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Some people are amazingly effective at dealing with dogs. Unruly canines that won’t obey their owners happily listen to these people. It’s as if they have a mysterious power that lets them divine whatever is going on inside that dog’s head. We call such people dog whisperers.
I was reading something about hallucinating art forms made by AI, and that got me wondering: what about an AI whisperer? Someone who is effective in understanding Artificial Intelligence?
“Understanding an AI?” Your brows knot. “Now, wait a minute,” you say. “Why would someone need to divine an AI?” And that’s a fair question.
After all, an AI is not an animal with a brain whose inner workings we don’t understand. We, the humans, created AI. Surely, we know how AI works. Just look at all the intelligent systems we have working for us: systems that decide who makes parole, who’s approved for a loan, and who gets hired for a job. If you want to know how that system arrived at its decisions, all you have to do is look at its source code, the mathematical model underlying its decision making process. It’s all very logical and straightforward. It’s easy to understand the reasoning behind a computer’s decision.
Do you still think like that? (the paragraph above) If you do, I have some news for you. The world of AI is undergoing a revolution, thanks to twin breakthroughs of neural network and deep learning, or together, DNN (deep neural networks).
I went in more detail about these technologies in an earlier post, but basically we are building computers that simulate brain with millions of interconnected electronic neurons. These electric brains are then taught skills—translating a language, recognizing pictures, driving a car—like humans, by trial and error, by analyzing huge volumes of training data.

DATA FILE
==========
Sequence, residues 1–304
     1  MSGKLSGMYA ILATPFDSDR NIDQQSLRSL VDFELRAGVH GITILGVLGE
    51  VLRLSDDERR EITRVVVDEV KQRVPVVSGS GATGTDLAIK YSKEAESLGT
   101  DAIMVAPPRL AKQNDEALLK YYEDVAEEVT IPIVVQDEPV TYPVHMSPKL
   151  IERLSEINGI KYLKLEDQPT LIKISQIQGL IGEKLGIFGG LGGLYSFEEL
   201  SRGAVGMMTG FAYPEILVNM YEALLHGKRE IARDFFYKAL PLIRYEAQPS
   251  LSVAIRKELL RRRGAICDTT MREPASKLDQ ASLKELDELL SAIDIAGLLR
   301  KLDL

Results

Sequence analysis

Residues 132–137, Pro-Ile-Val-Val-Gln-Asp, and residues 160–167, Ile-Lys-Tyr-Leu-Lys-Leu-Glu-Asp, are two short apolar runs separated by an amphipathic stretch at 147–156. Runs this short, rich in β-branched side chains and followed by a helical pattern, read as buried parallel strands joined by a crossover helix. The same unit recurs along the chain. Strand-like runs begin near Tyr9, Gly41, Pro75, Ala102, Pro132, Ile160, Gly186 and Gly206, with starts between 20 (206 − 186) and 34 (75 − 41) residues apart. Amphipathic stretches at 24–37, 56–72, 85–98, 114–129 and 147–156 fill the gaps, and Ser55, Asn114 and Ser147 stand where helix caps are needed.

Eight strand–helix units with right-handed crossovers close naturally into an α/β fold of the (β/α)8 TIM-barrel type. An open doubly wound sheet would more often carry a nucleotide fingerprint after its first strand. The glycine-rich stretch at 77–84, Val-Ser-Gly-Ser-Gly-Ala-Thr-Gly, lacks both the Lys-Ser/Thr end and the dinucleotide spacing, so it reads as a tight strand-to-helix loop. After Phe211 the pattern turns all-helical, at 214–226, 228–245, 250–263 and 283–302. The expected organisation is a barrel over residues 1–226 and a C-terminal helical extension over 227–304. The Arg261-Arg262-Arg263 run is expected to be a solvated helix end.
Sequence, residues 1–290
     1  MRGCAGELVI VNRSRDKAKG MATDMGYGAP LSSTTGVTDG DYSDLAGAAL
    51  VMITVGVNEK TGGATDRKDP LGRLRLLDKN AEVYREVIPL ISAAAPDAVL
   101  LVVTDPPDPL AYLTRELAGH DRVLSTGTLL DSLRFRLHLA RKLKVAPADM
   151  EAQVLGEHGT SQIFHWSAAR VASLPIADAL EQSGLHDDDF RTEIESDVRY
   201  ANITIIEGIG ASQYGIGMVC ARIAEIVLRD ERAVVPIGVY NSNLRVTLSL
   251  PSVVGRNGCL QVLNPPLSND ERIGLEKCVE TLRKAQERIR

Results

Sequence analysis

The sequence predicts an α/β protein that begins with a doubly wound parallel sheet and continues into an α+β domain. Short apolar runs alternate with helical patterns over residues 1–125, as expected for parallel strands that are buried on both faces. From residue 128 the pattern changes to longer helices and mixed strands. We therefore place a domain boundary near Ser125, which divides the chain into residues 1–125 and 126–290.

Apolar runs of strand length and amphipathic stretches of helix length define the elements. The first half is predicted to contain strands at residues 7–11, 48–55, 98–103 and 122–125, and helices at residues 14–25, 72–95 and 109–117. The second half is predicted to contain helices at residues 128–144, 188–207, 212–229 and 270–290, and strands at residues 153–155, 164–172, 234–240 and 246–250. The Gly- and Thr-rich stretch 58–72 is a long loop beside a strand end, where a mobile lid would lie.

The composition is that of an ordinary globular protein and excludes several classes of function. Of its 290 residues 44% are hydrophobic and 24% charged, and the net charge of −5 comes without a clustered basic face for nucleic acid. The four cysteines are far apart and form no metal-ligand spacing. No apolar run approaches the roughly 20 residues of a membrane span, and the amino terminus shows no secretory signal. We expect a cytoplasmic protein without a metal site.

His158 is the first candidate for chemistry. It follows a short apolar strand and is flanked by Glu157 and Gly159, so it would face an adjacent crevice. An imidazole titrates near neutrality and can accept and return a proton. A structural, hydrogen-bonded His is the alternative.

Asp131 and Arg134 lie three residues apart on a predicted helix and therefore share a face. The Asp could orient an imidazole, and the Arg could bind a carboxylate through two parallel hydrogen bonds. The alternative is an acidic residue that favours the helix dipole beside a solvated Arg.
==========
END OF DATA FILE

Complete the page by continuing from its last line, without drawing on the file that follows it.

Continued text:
The problem is, we don’t know how these AI systems are learning. During training, an AI continually readjusts thousands of internal parameters until it can reliably perform a task. But we have no clue what exactly is happening inside that electronic brain. It’s a radical, fundamentally different way of programming computers.
Take for example, apps that use DNN to serve ads or recommend songs. If you ask their creators how the apps arrive at their decision, they won’t be able to tell you. Those apps have programmed themselves by interacting with you. They have figured out your preference on their own.
And that takes us back to my original question: Will we have AI whisperers?
The rate at which AI is advancing and worming its way into human civilization, it won’t be long before they are ubiquitous, everywhere. That will increase cases where AIs will makes puzzling decisions (hopefully not dangerous), which in turn will necessitate the need for individuals who can quiz these faulty machines, and figure out how to tame the unruly AI. Not very different from a dog whisperer, is it?
More @ RigelBlu.com